February 07, 2016

Businesses are showing commitment to diversity after right-to-marry decision, say panelists

The U.S. Supreme Court in June recognized marriage equality for same-sex couples nationwide in a landmark decision that readjusted the definition of marriage and handed a historic victory to members of the LGBT community. However, a little over six months since the Court’s decision, the use of religion to discriminate and LGBT public accommodations claims have significantly risen.

During a program at American Bar Association Midyear Meeting in San Diego on Feb. 4, a panel of experienced legal experts discussed the rapidly evolving legal landscape of LGBT rights since the Supreme Court's right-to-marry decision, including the local laws and policies affecting LGBT people; recent developments in federal employment law; and employee benefits issues affecting same-sex spouses and transgender persons.

According to the experts, the right for same-sex couples to marry nationwide has encouraged employers to proactively show their commitment to diversity and inclusion.

“Before there was a nationwide right to marry, the gold standard for companies was to say that they offered domestic partner benefits,” said Samuel M Schwartz-Fenwick, partner in the Labor and Employment Practice Group of Seyfarth Shaw LLP. “Now, with marriage, employers are saying: ‘what do we need to do to show that we really have a commitment to these issues?’”

Schwartz-Fenwick said a number of employers are realizing the importance of a diverse workforce and are looking into metrics about the effects of diversity on business performance.

“Employers are realizing that the more inclusive and diverse their workforce is, the better performers they are going to be. When employees feel comfortable in being themselves they bring creativity to work, they bring their ideas, they bring their ability to question… it just leads to a healthier workforce,” said Schwartz-Fenwick

According to Schwartz-Fenwick, hard business rationale is leading companies and employers to try to adopt best practices to support of the LGBT community. Among those initiatives is the LGBT community’s estimated $1 trillion purchasing power.

“There is recognition [from business], especially regarding LGBT diversity, that it’s good for business in welcoming and supporting the gay community,” said Schwartz-Fenwick.

With the increased awareness of the difficulties faced by transgender individuals and the support showed for Katlin Jenner, who prior to converting from a male was known as Bruce Jenner, employers are proactively preparing to support its workforce from an employer-relations standpoint, according to Schwartz-Fenwick.

“[Employers are] also trying to be proactive, even if they haven’t had a transgender employee in the workplace by saying: ‘What would we do if an employee came out as a transgender,” explained Schwartz-Fenwick. “They are working closely with Human Resources to figure out  what steps to walk through  and have a transition plan in place so that, if and when an employee does come out, they’ll be prepared to make sure [they’ll] be able to do it in a comfortable way and receive the support of colleagues.”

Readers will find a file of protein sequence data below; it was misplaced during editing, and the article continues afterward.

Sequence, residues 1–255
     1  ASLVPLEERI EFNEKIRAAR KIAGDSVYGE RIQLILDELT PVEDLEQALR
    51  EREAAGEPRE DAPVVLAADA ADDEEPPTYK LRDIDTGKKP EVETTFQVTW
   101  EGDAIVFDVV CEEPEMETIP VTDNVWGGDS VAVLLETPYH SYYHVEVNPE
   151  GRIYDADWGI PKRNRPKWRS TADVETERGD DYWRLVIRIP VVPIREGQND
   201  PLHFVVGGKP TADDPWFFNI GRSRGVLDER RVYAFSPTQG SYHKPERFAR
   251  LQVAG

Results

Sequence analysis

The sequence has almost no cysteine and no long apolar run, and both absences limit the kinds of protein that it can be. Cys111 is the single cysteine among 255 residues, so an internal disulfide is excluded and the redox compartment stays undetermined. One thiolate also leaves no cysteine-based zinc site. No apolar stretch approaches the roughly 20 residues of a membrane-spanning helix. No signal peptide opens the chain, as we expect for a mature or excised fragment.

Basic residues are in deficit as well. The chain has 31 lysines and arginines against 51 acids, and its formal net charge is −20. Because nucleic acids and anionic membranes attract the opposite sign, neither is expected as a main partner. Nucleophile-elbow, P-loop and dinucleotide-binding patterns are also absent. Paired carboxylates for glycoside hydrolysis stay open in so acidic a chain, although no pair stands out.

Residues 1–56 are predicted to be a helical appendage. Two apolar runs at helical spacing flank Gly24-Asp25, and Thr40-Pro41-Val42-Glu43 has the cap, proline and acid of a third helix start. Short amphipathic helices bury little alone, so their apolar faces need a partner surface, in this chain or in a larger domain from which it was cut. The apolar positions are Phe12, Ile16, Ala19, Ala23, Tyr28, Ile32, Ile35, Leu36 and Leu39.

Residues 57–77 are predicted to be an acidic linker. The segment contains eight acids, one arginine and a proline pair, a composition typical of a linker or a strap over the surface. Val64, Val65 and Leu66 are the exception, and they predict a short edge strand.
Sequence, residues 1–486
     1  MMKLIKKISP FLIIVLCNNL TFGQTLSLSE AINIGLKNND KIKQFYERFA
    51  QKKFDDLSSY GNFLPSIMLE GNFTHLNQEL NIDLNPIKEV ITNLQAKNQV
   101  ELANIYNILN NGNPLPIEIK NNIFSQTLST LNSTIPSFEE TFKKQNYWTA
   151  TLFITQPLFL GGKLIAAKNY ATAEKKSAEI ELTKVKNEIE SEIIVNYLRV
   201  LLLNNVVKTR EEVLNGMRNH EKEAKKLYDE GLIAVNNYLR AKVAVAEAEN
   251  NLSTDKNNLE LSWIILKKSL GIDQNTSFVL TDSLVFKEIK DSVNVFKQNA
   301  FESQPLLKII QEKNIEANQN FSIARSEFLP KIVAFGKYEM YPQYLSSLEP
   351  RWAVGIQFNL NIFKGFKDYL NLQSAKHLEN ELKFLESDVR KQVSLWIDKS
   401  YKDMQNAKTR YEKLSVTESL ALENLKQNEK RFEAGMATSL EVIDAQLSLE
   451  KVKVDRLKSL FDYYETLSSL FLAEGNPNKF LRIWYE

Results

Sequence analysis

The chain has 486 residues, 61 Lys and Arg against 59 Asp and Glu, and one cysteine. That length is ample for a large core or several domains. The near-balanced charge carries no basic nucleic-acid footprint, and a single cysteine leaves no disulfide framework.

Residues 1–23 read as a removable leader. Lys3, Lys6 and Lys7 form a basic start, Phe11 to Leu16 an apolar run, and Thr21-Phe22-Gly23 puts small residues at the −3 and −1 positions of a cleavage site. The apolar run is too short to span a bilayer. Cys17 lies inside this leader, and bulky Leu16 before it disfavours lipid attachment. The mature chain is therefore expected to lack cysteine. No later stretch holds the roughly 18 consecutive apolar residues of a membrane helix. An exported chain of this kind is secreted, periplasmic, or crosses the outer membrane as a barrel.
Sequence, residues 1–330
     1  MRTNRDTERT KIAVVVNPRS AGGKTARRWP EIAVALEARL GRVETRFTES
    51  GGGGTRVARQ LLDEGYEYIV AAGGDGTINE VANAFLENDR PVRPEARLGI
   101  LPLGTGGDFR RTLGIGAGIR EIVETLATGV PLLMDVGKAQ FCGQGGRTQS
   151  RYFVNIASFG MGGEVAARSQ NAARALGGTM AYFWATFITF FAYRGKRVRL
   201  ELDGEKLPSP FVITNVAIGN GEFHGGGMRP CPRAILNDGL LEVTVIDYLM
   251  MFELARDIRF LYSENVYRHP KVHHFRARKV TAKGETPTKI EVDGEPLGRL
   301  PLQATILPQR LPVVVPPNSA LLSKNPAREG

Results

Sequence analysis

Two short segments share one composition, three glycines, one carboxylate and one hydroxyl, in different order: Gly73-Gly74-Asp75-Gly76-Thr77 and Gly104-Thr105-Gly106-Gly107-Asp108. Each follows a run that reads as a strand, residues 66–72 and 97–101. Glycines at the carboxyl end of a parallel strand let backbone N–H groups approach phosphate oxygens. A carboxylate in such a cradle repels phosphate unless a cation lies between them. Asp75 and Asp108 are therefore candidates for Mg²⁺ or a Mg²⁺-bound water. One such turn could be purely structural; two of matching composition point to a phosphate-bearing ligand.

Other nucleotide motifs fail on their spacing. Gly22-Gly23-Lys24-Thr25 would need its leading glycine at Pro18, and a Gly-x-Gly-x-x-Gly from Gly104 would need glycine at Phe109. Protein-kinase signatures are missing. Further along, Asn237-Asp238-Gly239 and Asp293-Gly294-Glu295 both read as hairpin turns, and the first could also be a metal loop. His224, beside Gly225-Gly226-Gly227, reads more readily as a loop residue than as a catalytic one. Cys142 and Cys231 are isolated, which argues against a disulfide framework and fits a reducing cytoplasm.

Schwartz-Fenwick said employers are now adopting very broad anti-discrimination policies that expressly cover gender identity, how you see yourself, and gender expression, which are the stereotypical attributes we think male and female should be.

When addressing gender identity issues, employers are studying whether they are prepared to deal with religious objectors at the workplace.

“[Those who] don’t want to work with someone who is transgender, or don’t want to work with someone who is gay, or raise objection to a transgender individual using a bathroom that correlates with their gender identity, but not perhaps the sex that they were assigned at birth,” said Schwartz-Fenwick. “It forces employers to think through and state publically the anti-discrimination policy of the company, but also provide a safe space for employees to raise questions and be educated on topics they haven’t thought about.”

In addition, employers are expanding health benefits that include transgender procedures.

“A number of employers are trying to adopt health plans that are inclusive of transgender procedures, so not harboring hormone replacements therapy, but also the surgeries regarding people’s private parts and being broader on how they cover it.”

Historically those procedures have been considered cosmetic and because of that, denied, but employers are starting to recognize such procedures a medical-necessity requirement.

“When a transgender individual’s doctor says this is a procedure which is actually critical for my patient’s mental health, then [their] insurance would cover it.”

Other speakers at the program, titled “Hot Topics in Diversity Law: Same Sex Marriage and Employee Benefits Discrimination,” sponsored by the Section of State and Local Government Law, included Christy Mallory of UCLA’s Williams Institute on Sexual Orientation and Gender Identity Law; California Director Julie Wilensky of the Civil Rights Education and Enforcement Center; and Victor M Marquez, principal of the Marquez Law Group.